However, Harris did not live to attend the court hearing.

On April 18, 2008, he was found murdered in Washington, D.C., by a single bullet to the head in what appeared to be a drive-by shooting.

The Washington Times reported April 19, 2008, that a “key witness in a federal probe into passport information stolen from the State Department was fatally shot in front of a District church” at close range, around 11 p.m., in the 2800 block of 12th Street NE, according to the Metropolitan Police Department.

Harris, who the Washington Times described as “cooperating with federal investigators,” was found slumped dead at the steering wheel of his car in front of the Judah House Praise Baptist Church in the northeast section of D.C., according to Commander Michael Anzallo, the head of the Metropolitan Police Department’s Criminal Investigations Division.

A police officer patrolling the neighborhood at the time of Harris’ death heard gunshots and ran to the scene, only to find Harris dead inside his car. The Metropolitan Police admitted a “shot spotter” device had been used to locate Harris in the shooting, although police officials declined to say whether his death was a direct result of his cooperation with federal investigators.

There is no evidence that today links Harris’ crimes or murder with the breach of Obama’s passport records by State Department contract employees.

At first glance, Harris could be dismissed as a foot-soldier selling marijuana and peddling credit cards fraudulently obtained via passport-related identity theft.

Yet there is more to the story than petty criminal activity. Obviously, Harris got himself in way over his head when he decided to work with the State Department officials accessing PIERS to obtain passport records without authorization.

Equally obvious was that by being willing to cooperate with police, Harris risked becoming a threat to his accomplices and co-conspirators within the State Department.

ABC news affiliate WJLA-TV in Washington, D.C., reported Cleopatria Harris, the mother of Leiutenant Quarles Harris, believed her son was murdered to keep him from cooperating with the federal investigation into the passport-record breach. She told the TV station her son was in court three days before his murder.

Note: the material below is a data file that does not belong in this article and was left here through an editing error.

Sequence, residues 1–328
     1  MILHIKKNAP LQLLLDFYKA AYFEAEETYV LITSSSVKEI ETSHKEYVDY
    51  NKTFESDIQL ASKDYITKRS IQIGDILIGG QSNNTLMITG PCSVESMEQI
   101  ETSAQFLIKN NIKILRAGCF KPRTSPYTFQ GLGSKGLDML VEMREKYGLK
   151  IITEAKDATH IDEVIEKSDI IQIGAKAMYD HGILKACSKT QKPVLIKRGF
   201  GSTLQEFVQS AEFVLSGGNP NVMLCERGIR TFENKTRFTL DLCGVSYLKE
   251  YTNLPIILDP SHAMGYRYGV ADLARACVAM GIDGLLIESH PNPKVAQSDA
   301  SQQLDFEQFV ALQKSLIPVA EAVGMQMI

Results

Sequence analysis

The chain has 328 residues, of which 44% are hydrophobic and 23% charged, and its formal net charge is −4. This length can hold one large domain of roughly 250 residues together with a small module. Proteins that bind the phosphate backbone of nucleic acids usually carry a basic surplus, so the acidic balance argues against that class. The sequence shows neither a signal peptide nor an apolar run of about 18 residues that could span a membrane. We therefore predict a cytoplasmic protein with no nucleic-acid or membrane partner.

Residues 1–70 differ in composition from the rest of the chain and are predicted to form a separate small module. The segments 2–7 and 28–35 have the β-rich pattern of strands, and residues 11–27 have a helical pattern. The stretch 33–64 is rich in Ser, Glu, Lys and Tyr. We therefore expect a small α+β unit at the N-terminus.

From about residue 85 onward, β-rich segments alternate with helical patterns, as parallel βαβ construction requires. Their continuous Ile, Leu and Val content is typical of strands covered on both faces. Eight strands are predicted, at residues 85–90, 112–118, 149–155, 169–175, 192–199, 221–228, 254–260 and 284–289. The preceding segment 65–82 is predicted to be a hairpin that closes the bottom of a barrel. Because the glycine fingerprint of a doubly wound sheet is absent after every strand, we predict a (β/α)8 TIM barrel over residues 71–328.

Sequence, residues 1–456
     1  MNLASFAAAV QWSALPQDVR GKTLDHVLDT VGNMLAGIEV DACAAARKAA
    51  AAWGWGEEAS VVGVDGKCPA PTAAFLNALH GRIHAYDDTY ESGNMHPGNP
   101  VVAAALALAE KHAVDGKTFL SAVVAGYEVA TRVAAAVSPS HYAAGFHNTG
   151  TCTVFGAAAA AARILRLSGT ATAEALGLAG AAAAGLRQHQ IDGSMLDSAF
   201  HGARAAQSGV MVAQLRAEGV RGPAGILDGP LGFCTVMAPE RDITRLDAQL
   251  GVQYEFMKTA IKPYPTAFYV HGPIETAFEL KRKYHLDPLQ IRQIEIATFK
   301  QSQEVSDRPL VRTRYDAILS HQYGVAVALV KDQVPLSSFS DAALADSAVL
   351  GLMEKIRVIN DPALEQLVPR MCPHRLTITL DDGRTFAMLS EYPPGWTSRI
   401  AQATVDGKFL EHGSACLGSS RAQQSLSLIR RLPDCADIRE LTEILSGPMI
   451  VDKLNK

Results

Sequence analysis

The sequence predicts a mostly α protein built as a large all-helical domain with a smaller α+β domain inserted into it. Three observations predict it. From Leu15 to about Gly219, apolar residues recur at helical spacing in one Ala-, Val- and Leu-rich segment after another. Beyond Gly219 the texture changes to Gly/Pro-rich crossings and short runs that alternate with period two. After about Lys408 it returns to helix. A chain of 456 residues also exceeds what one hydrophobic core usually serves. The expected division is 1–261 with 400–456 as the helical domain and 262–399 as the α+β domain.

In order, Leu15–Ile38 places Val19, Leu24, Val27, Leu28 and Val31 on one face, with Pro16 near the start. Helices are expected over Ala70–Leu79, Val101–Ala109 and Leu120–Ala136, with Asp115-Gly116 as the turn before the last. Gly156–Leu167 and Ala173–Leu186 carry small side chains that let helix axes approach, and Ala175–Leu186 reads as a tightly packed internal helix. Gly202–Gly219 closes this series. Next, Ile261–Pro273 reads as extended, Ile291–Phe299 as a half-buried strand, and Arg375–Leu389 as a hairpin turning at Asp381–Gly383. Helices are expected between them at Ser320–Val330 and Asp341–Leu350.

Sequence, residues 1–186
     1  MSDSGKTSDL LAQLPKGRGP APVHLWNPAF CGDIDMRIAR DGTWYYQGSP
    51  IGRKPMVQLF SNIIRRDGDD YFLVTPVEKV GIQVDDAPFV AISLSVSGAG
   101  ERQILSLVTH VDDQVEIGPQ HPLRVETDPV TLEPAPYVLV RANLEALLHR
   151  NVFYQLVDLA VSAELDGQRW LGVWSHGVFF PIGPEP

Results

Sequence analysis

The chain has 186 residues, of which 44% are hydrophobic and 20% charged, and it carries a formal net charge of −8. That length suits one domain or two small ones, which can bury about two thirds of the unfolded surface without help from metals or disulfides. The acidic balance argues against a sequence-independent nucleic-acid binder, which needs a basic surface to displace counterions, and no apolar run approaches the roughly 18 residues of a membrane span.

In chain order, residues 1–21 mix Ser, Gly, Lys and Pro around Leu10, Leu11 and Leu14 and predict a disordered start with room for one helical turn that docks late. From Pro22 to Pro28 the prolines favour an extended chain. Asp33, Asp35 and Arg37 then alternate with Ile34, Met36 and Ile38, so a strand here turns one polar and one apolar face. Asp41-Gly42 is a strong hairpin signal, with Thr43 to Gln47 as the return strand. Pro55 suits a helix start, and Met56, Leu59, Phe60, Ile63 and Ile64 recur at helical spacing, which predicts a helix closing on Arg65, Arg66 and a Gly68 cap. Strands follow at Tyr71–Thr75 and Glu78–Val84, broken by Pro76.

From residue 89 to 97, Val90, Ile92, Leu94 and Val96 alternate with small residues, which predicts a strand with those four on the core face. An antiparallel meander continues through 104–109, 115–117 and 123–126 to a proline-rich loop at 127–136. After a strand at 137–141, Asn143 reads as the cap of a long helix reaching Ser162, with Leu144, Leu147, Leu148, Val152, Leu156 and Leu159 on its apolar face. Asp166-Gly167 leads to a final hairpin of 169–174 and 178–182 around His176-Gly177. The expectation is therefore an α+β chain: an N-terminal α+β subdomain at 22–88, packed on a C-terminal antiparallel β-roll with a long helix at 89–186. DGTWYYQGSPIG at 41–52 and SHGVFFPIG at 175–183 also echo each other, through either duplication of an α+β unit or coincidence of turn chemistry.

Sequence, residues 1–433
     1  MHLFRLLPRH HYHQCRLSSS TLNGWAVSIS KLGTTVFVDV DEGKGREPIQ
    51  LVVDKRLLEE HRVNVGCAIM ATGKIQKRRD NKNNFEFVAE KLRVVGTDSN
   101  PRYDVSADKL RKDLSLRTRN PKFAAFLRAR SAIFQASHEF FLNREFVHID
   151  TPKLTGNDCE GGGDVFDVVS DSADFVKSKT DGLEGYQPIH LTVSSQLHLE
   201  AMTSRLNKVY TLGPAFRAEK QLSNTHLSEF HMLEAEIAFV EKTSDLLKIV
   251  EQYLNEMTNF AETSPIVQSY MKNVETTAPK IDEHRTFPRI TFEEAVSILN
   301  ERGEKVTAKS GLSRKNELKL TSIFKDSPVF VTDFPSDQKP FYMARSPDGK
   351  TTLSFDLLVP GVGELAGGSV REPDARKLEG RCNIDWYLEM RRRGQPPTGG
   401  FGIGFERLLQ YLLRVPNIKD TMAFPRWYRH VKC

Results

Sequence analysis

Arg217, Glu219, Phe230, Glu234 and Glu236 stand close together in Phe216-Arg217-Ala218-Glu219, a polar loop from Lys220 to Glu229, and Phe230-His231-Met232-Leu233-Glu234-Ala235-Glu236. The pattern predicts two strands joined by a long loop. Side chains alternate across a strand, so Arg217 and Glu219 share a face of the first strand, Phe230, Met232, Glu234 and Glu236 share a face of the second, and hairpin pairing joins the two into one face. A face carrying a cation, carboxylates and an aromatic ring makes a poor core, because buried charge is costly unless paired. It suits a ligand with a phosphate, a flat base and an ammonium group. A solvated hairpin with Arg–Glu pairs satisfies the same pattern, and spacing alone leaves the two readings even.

“He felt like he was going to do jail time. He was willing to do jail time,” she said, indicating that she believed news reports that her son had been arrested and was cooperating with the police were the reason he was killed. “Yes I do. think it had a hell of a lot to do with it. [The story] made my son appear to be a snitch.”

Similarly, the Washington Post reported Cleopatria Harris was “absolutely sure” her son was killed because of his involvement in the passport-credit card scam.

Harris’ mother refused to believe her son’s murder was an act of violence unrelated to the passport scheme. Instead, she contended he was killed because he was an important witness regarding a State Department breach of passport records.

To date, the D.C. Metropolitan Police have no suspects in the still unsolved murder of Leiutenant Quarles Harris Jr. Nor has the State Department ever revealed publicly what was discovered in the breach of Obama’s passport records. The three individuals involved in the breach have never come forward in public to tell what they found.

Obama discloses trip to Pakistan

But this is not the end of the story.

Two weeks after the report that Obama’s passport records had been breached, candidate Obama made the surprising disclosure at a private fundraiser April 7, 2008, that he had traveled to Pakistan during his college years.

Jake Tapper, then senior White House correspondent for ABC News, commented that Obama’s disclosure that he had taken a college trip to Pakistan was “news to most of us.” Tapper said “it was odd we hadn’t heard about it before, given all the talk of Pakistan during this campaign.”

Tapper reported that, according to the Obama campaign, Obama visited Pakistan in 1981, the year he transferred from Occidental College to Columbia University, and that he had visited his mother and sister Maya in Indonesia on the same trip.

Why was Obama disclosing now, for the first time, that he had traveled to Pakistan with his roommates from Occidental College?

Did Obama use an Indonesian passport to travel to Indonesia and Pakistan in 1981, and was he concerned the breach of his passport records might end up disclosing such information, if true?

The attempt to preempt such a disclosure might explain the timing of Obama’s decision to suddenly reveal, at least to the friends assembled for the fundraiser, the previously undisclosed trip to Indonesia and Pakistan.

“I traveled to Pakistan when I was in college,” Obama is heard saying on the poor-quality audiotape that survives from the San Francisco fundraiser. “I knew what Sunni and Shia was [sic] before I joined the Senate Foreign Relations Committee.”